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  Mt. Everest 2005: Valencia: Summit push in on!


Update: Jorge, David and Haya are in Camp II They plan to climb to Camp III tomorrow morning, Tuesday, May 31, on Wednesday, June 1 climb to CIV and on Tuesday, June 2 reach the summit. 

It was very hard for us to get to CII yesterday, it took us 9 hours.  The 20 days or more without climbing beyond BC, are evident.  We have lost some acclimatization and the fitness has also fallen because of the lack of activity.  David was a little better than Jorge and Haya on the way up.

We will stay all day in CII as we planned, trying to recover that acclimatization partly lost to get our bodies gradually used to the physical effort required to climb and eight-thousand.

We slept 5 in the same tent in CII (3 of us and the 2 Brazilians) and we tried to mount a kind of advanced BC where we play our dice games and we try to drink and eat everything possible.  The truth is that at this altitude we don't accept food as in BC and it is a real effort to get something solid in our mouths, but we force ourselves because we know it is necessary.  At least hydration is being done very good and we have drunk more than 2 litters of water each one in afternoon of dice.

We got really good news from CIV, our friend Jesús Calleja, from Leon, has reached the summit this early morning and he is resting in CIV to try to go down to BC tomorrow in one try.  We have spoken to him through the satellite phone.  He told us that he was feeling very good during the whole ascent since he left BC.  With him was Willie Benegas, an Argentinean mountain guide of whom we told you days ago.  He was the one in charge to open the Hillary step.

The trail is stupendous for us, because there is an open trail up to the summit and it is rigged with fixed lines up to the south summit and the Hillary step.

The meteo, we better not mention it because it is all so contradictory that we don't know if we should trust it.  It looks like the day we chose (June 2) in which winds looked under 30 Km/h have changed to 60 Km/h.  we hope that as we get closer to the date they will recede. 

From tomorrow we will only carry the voice phone and the data phone will be left at CII.  So from tomorrow we will tell the chronicle to Endika and he will transcribe it.  The pictures will be taken from other publications and web sites, but when we are back to CII, we will send all the audiovisual material we can in take in these days of altitude.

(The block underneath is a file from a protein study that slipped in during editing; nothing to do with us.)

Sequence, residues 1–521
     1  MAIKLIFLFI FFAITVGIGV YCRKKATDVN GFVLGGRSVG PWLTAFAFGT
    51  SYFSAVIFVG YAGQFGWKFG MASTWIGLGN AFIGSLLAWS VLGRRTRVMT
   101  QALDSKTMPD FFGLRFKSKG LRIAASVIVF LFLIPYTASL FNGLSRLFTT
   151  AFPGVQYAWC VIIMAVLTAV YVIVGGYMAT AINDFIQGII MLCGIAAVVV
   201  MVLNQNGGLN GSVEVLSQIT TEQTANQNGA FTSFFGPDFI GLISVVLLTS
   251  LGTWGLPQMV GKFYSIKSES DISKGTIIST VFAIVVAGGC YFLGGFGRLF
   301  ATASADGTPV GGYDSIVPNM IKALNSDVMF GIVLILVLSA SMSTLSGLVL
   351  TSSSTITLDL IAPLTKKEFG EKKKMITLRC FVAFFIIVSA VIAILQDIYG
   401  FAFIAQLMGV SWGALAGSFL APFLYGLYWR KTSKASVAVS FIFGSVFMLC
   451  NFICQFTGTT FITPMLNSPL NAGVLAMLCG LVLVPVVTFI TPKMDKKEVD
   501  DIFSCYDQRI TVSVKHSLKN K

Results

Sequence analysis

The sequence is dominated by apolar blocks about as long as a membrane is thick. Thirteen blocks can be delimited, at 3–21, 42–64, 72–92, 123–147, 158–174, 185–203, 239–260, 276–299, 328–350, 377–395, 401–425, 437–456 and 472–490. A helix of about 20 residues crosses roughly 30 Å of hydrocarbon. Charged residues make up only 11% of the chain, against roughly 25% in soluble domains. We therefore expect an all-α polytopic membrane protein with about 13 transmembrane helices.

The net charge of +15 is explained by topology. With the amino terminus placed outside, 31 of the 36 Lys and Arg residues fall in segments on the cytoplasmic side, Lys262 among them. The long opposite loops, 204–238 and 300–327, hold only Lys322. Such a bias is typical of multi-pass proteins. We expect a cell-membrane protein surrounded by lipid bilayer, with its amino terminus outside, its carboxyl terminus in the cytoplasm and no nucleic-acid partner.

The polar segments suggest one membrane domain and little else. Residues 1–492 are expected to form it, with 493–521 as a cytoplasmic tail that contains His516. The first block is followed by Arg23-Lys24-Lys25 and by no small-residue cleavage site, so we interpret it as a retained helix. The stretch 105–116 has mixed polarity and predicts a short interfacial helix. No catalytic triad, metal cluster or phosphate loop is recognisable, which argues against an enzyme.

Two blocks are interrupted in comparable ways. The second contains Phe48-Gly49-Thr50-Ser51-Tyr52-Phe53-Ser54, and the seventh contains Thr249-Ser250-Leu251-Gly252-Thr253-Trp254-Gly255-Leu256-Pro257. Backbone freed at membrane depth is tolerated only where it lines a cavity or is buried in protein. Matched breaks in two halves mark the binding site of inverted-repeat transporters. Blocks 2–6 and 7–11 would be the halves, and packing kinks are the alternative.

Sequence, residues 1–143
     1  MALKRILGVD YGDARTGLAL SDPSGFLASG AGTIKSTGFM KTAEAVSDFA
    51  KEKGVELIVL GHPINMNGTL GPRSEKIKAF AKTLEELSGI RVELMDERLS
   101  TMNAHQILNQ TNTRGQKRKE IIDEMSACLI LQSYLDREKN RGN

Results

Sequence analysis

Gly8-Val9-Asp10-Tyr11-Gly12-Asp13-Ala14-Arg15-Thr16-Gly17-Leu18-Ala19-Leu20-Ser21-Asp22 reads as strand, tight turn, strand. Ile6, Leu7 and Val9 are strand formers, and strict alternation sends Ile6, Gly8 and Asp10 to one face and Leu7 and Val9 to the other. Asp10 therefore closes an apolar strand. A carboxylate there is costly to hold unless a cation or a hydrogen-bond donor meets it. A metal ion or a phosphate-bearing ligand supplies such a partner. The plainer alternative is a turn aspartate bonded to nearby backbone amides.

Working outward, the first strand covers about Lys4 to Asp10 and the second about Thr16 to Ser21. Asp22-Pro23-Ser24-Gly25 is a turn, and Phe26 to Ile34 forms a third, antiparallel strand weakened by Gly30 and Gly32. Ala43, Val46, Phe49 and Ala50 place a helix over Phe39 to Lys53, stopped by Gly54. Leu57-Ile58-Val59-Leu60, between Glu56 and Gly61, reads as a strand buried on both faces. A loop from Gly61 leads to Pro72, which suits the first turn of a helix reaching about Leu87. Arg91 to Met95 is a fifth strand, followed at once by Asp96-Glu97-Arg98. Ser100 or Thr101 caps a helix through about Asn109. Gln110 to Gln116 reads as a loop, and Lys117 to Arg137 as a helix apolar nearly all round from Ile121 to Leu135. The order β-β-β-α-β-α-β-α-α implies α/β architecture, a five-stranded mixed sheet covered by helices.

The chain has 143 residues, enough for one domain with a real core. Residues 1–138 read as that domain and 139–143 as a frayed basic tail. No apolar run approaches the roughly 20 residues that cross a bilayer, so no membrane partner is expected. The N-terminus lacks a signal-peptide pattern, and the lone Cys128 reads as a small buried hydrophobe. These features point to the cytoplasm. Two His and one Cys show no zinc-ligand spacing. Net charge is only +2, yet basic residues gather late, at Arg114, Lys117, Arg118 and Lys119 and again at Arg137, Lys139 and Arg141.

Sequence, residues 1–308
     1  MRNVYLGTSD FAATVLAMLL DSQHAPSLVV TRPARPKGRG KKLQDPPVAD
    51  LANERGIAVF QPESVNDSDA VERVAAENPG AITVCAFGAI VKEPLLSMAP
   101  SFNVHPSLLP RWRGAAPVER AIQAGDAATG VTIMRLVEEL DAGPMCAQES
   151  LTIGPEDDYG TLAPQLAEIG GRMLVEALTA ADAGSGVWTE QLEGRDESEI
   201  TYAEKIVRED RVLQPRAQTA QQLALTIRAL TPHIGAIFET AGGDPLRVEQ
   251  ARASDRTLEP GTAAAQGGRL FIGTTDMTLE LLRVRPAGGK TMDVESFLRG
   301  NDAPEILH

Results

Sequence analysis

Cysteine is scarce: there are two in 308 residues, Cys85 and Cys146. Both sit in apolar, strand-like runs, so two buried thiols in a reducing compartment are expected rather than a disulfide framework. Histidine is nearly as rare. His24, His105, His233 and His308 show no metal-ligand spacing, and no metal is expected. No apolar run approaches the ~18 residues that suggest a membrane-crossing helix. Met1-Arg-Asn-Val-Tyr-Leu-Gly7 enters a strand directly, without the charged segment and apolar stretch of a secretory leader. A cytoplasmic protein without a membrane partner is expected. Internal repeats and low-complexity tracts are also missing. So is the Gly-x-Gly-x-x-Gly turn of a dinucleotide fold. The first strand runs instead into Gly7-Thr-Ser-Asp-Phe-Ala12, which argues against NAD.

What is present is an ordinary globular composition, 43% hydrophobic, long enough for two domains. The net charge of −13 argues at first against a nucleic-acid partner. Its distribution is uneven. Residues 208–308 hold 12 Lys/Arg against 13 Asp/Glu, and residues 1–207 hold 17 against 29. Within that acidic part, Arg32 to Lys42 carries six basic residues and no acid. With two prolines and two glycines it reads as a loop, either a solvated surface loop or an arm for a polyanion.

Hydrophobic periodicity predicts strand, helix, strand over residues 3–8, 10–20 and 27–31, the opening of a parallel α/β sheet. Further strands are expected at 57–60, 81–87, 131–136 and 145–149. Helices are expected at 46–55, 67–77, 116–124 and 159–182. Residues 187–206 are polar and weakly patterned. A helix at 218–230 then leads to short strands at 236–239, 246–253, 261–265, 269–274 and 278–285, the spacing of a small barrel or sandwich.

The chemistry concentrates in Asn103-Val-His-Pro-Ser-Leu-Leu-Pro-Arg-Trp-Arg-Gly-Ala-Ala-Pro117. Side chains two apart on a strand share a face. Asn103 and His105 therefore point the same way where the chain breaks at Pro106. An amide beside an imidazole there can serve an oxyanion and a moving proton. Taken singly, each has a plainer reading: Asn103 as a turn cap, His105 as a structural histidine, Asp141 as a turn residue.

Tomorrow we will try to climb to CIII and we have set our alarm clock to 5 in the morning. 

We want to close today's chronicle with a phrase by Irivan, one of the Brazilians, we like it because it lifts our spirits in the moments of exhaustion: "If you give one more step, you are not in the same place anymore". We hope to write tomorrow from CIII.  Don't fail us, Expeadicts.

Translated from Spanish by Jorge Rivera

Dispatches

Millet One Sport Everest Boot  has made some minor changes by adding more Kevlar. USES Expeditions / High altitude / Mountaineering in extremely cold conditions / Isothermal to -75°F Gore-Tex® Top dry / Evazote Reinforcements with aramid threads. Avg. Weight: 5 lbs 13 oz Sizes: 5 - 14 DESCRIPTION Boot with semi-rigid shell and built-in Gore-Tex® gaiter reinforced by aramid threads, and removable inner slipper Automatic crampon attachment Non-compressive fastening Double zip, so easier to put on Microcellular midsole to increase insulation Removable inner slipper in aluminized alveolate Fiberglass and carbon footbed Cordura + Evazote upper Elasticated collar.

Expedition footwear for mountaineering in conditions of extreme cold.  NOTE US SIZES LISTED. See more here.

A cold weather, high altitude double boot for extreme conditions The Olympus Mons is the perfect choice for 8000-meter peaks. This super lightweight double boot has a PE thermal insulating inner boot that is coupled with a thermo-reflective outer boot with an integrated gaiter. We used a super insulating lightweight PE outsole to keep the weight down and the TPU midsole is excellent for crampon compatibility and stability on steep terrain. WEIGHT: 39.86 oz • 1130 g LAST: Olympus Mons CONSTRUCTION: Inner: Slip lasted Outer: Board Lasted OUTER BOOT: Cordura® upper lined with dual-density PE micro-cellular thermal insulating closed cell foam and thermo-reflective aluminium facing/ Insulated removable footbed/ Vibram® rubber rand See more here.

 

 

 

 

 




 

 

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